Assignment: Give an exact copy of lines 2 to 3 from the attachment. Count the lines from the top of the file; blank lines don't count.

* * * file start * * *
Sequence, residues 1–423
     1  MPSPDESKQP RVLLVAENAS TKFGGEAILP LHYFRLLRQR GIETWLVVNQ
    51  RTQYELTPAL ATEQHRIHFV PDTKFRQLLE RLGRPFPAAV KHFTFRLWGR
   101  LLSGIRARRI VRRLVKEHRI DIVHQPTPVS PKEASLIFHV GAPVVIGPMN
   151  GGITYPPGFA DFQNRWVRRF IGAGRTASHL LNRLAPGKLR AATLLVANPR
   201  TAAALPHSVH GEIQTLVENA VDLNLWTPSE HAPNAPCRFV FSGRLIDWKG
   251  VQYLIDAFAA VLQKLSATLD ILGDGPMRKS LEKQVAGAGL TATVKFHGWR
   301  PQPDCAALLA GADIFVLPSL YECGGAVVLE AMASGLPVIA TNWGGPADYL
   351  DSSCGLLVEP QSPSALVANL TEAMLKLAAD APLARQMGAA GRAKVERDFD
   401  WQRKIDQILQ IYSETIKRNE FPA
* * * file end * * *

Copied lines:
     1  MPSPDESKQP RVLLVAENAS TKFGGEAILP LHYFRLLRQR GIETWLVVNQ
    51  RTQYELTPAL ATEQHRIHFV PDTKFRQLLE RLGRPFPAAV KHFTFRLWGR